The omission, the Trump administration has now clarified, was an intentional one — because apparently, when it comes to the Holocaust, All Lives Matter.
When asked about the statement, Trump administration spokeswoman Hope Hicks told CNN that "despite what the media reports, we are an incredibly inclusive group and we took into account all of those who suffered." Hicks also provided a link to a Huffington Post article outlining other groups that suffered during the Holocaust in addition to Jews, including LGBTQ people, priests, the disabled, Jehovah's Witnesses, Poles and other Slavic peoples and resistance fighters.
White House Chief of Staff Reince Priebus echoed Hicks' statement on Sunday in an appearance on Meet the Press. Host Chuck Todd asked if he understood why people were offended by the decision to "not to note that the Holocaust was about eradicating the Jews," to which Priebus responded, "Well, I recognize in fact, obviously, that that was what the Holocaust was about."
Priebus emphasized the "horrible" nature of the Holocaust and the "Jewish people that suffered" in his response, noting that Trump has Jewish family members himself. Trump's daughter Ivanka and son-in-law Jared Kushner identify as Jewish.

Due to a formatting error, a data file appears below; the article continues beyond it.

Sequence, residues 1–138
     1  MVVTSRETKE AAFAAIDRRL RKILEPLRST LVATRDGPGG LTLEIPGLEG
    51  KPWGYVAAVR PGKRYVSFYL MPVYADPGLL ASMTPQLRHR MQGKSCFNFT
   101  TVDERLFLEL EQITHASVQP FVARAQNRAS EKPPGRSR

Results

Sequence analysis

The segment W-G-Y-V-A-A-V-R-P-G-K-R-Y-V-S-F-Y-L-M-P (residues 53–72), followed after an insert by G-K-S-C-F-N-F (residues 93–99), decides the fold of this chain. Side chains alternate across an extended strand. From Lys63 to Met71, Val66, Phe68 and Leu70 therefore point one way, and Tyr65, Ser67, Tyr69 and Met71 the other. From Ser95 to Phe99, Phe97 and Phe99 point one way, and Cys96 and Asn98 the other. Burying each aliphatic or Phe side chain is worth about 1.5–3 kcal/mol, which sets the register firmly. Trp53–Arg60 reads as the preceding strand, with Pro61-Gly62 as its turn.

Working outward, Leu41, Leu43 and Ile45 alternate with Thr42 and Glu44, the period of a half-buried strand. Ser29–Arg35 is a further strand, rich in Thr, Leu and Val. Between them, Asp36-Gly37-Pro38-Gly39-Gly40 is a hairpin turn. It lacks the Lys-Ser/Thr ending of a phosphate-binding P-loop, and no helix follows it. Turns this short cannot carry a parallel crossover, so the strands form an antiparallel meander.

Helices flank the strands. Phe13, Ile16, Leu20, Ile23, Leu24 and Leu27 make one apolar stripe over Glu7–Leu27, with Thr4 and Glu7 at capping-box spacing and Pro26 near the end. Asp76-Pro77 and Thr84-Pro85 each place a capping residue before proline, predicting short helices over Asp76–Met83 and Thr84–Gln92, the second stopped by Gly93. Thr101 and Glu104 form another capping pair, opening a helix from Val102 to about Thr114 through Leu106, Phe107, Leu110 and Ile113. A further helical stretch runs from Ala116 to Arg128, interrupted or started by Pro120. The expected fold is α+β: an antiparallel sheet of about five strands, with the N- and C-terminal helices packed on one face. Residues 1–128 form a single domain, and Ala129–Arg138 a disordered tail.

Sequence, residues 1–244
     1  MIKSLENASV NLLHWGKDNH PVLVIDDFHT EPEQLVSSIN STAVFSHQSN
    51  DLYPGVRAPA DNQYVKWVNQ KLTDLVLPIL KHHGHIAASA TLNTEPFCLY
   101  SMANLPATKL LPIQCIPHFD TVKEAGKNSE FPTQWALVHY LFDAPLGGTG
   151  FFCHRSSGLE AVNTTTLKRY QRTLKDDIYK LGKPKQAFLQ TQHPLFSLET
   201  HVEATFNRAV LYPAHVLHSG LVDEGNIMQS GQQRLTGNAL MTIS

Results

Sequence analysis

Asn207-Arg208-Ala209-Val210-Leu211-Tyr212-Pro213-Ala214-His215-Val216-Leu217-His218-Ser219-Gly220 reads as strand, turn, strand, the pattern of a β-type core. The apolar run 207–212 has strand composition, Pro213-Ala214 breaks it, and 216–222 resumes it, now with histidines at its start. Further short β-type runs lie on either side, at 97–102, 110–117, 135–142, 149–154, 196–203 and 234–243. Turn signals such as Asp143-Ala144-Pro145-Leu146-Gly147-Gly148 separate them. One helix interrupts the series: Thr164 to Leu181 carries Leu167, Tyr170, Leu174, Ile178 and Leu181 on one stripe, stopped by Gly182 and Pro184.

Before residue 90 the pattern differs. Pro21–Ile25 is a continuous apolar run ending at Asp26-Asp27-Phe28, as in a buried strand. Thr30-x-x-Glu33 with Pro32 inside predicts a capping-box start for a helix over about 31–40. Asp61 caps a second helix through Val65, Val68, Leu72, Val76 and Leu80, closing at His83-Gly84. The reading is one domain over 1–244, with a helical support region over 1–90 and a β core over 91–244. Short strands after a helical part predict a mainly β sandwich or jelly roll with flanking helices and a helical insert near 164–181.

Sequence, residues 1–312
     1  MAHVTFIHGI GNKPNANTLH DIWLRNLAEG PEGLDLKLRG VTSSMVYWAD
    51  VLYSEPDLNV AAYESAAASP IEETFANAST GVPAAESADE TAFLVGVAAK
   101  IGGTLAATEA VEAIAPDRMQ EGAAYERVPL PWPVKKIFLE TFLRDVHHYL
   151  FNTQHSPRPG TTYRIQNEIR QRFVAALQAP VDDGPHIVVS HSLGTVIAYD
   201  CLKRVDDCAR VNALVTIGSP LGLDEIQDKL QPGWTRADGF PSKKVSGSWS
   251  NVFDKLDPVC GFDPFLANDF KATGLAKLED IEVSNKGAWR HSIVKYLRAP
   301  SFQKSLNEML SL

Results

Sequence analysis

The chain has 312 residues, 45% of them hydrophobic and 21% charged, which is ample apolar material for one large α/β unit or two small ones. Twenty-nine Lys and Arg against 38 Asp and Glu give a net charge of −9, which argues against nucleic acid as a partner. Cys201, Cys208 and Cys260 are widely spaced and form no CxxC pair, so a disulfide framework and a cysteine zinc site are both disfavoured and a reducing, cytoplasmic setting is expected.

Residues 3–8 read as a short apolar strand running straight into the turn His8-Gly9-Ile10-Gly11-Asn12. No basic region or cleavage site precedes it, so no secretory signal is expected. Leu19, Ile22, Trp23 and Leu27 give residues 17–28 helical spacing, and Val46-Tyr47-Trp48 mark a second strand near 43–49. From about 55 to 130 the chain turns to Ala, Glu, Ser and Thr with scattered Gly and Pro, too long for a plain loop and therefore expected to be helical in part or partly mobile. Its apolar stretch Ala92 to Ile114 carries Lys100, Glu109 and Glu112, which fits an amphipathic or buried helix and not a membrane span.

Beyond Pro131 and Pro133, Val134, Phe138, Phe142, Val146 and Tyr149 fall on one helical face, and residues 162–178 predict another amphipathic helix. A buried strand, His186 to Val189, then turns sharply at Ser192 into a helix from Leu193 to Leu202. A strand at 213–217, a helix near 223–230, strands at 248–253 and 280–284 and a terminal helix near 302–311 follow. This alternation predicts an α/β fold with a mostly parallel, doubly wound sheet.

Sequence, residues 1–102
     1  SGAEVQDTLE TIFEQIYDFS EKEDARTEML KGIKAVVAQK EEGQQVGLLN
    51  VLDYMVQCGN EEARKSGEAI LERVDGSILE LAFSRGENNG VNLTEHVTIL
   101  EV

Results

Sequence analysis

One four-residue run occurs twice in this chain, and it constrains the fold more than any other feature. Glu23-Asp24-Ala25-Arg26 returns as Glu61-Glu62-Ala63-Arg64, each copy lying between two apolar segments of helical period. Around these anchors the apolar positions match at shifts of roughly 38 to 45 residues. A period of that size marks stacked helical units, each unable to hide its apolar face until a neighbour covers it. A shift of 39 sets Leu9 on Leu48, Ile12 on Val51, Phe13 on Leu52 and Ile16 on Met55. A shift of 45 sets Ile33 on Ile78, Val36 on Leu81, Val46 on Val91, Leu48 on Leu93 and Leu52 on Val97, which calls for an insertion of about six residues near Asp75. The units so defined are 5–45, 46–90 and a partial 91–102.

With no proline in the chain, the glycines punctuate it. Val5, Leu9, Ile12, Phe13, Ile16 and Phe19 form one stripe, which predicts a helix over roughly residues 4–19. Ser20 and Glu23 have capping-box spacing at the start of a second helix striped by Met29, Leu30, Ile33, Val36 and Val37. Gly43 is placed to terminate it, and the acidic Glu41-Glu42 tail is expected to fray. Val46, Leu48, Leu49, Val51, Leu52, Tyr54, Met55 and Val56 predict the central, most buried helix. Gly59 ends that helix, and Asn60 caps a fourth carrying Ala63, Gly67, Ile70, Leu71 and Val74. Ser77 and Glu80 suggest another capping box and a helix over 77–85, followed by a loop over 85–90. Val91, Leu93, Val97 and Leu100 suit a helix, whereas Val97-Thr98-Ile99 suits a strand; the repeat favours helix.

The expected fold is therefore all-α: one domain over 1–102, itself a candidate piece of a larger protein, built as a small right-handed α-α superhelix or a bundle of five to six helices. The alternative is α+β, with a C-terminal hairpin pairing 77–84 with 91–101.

However, Priebus made it clear that the administration did not "regret" its choice of words.
"I don't regret the words, Chuck, I'm trying to clear it up for you," Priebus said. "Everyone's suffering in the Holocaust — including, obviously, all of the Jewish people affected and the miserable genocide that occurred — is something that we consider to be extraordinarily sad and something that can never be forgotten and something that, if we could wipe it off the history books we could, but we can't, and it's terrible. I mean, I don't know what more to tell you."
International Holocaust Remembrance Day, Anti-Defamation League Director Jonathan Greenblatt told CNN, was originally established specifically because so many countries, such as Russia, Iran and Poland, choose not to acknowledge the specific plight of the Jews during the Holocaust.
These countries, Greenblatt explained, "[opt] instead to talk about generic suffering rather than recognizing this catastrophic incident for what is was: the intended genocide of the Jewish people" — much as Trump's statement did. Downplaying the specific targeting of Jews, Greenblatt noted, is commonly done by nationalist movements in particular.
Trump's omission of the Jews is particularly concerning considering his base of support from white nationalists and neo-Nazis, as well as his Chief Adviser Steve Bannon's history of anti-Semitism. Additionally, a key slogan from Trump's inaugural address, "America First," first gained prominence as the name of an anti-Semitic organization during World War II.
The organization "urged the United States to appease Adolf Hitler," Susan Dunn, a professor at Williams College, wrote for CNN.